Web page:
Pickett and Lisankie indirectly challenged this idea, writing, “If you accept the proposition that we should regulate purchase prices (presumably lower) when supplies tighten then we should have regulated purchase prices higher to avoid that tightening.”
Increasingly quick timelinesThe recent ruling seems to address one concern about the local gas market: the ease with which utilities can get supply contracts approved by regulators. A March 2010 report, commissioned by three local utilities, cited the lack of “predictable timelines” as a major stumbling block.
Since the brawl of 2008, though, which ended with Enstar using a regulatory loophole to get last minute supplies after the RCA rejected two contracts, regulators have not rejected a natural gas supply contract. In fact, it approved the last three contracts without ordering an investigation.
That is in part because the Attorney General’s office kept its distance, bolstering any claims that approving the contracts served the public interest.
Giard and Commissioner Janis Wilson challenged those claims when the RCA approved a 2009 contract between Enstar and a subsidiary of independent Armstrong Cook Inlet, saying the Attorney General needed to be more involved. The recent ruling to approve the Chugach-Marathon contract, though, did not yield dissenting opinions from any of the commissioners.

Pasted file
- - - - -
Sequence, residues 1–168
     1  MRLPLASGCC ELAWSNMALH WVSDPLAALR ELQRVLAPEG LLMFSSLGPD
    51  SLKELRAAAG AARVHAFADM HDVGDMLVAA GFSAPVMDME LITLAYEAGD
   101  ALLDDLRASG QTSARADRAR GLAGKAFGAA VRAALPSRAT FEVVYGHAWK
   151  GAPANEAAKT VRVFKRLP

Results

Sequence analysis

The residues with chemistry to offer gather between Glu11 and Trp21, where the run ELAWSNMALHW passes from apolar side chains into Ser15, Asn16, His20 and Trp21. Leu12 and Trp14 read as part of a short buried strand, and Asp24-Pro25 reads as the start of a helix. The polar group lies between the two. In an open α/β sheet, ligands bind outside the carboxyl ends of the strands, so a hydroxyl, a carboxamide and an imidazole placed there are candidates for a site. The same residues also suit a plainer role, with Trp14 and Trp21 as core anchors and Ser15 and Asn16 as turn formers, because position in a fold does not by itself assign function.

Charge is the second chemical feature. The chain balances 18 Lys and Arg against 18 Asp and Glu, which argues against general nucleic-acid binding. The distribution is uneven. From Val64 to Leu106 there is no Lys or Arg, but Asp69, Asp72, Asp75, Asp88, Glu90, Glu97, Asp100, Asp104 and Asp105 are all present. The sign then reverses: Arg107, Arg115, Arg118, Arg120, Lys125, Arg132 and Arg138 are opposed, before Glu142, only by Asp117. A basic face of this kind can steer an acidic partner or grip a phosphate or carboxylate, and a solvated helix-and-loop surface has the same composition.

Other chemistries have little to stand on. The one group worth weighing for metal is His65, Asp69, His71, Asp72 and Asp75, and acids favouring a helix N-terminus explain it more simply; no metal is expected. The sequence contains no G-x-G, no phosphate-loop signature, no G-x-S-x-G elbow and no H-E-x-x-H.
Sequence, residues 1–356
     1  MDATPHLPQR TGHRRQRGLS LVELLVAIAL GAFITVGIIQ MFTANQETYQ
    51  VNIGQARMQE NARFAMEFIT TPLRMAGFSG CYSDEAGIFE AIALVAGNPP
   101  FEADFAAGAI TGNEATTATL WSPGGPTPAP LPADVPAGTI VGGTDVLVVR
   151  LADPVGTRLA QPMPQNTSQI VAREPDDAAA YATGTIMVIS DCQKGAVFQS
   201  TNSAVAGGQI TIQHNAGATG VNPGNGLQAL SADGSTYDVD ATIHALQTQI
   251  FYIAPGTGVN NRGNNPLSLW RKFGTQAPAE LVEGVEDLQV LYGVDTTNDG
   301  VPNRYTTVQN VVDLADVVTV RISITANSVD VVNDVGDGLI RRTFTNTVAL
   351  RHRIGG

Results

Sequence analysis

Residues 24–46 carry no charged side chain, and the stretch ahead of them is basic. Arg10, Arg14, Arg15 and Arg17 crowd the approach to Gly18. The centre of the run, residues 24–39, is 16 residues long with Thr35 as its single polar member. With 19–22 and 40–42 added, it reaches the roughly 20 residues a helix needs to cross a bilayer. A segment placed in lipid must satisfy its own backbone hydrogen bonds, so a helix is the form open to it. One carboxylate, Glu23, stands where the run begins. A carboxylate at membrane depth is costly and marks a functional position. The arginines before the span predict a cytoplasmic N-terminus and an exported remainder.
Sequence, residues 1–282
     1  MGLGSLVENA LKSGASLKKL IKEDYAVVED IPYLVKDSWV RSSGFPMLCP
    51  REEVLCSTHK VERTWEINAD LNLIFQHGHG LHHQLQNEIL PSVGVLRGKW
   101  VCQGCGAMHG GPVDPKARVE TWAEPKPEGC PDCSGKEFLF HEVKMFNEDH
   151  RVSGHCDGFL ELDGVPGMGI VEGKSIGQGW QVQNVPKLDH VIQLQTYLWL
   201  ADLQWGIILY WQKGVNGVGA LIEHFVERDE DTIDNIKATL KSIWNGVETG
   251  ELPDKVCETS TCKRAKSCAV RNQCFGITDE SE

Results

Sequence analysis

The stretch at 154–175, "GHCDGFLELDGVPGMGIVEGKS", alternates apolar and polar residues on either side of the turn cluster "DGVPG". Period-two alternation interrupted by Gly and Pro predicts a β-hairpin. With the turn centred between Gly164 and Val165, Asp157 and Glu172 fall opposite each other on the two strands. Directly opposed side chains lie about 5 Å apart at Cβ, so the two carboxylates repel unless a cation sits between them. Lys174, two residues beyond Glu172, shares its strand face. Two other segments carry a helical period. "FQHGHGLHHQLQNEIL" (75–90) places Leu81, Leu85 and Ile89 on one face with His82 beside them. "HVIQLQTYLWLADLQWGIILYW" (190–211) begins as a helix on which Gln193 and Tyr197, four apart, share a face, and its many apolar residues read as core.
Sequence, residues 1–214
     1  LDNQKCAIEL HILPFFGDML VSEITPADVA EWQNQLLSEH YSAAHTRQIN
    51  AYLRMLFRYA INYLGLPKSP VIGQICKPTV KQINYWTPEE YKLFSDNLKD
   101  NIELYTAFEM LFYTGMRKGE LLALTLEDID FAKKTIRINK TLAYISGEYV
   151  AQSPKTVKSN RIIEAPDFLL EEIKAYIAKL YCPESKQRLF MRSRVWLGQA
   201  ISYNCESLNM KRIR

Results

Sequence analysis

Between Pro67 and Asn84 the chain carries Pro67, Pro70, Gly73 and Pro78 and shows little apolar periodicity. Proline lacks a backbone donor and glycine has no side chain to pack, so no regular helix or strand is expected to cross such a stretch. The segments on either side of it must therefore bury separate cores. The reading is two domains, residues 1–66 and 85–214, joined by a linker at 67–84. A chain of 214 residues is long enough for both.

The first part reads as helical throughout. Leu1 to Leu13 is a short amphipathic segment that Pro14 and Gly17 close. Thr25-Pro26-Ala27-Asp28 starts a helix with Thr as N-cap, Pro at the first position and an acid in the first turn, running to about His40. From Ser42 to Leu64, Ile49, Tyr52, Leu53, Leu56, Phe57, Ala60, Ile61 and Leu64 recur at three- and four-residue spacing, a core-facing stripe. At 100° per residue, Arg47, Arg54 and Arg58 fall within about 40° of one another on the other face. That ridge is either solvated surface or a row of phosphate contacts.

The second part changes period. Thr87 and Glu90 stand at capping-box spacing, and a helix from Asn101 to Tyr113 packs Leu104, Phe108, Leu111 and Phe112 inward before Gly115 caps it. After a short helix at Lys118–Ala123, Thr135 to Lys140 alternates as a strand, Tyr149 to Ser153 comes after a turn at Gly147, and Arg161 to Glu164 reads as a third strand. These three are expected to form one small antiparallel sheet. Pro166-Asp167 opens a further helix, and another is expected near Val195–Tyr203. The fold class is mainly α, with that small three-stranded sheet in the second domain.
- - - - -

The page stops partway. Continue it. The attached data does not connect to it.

Utilities might be forcing these swift decisions, according to Sullivan. He noted that contracts are increasingly “of short duration and negotiated very close to the time when the gas will be needed” making them difficult to analyze without disrupting supplies.
Supply concerns remainThose supply disruptions may come anyway.
The Chugach-Marathon contract provides 42.3 billion cubic feet of gas between April 2011 and December 2014, but only guarantees supplies through April 2013.
Marathon doesn’t yet know whether it can provide the 16.1 bcf Chugach needs in the final 20 months on the contract. Likewise, Marathon has the option of reducing volumes to Enstar if the U.S. Department of Energy doesn’t extend the export license of the liquefied natural gas facility in Nikiski and the resulting drop in deliverability shuts in wells.
Marathon should know this year if the federal government will continue to allow exports, but the company only needs to give Chugach two years notice if it can’t meet demand.
That may not be enough time. Chugach needed five years and nine requests for proposals to get a 2009 contract with ConocoPhillips and its 2010 contract with Marathon.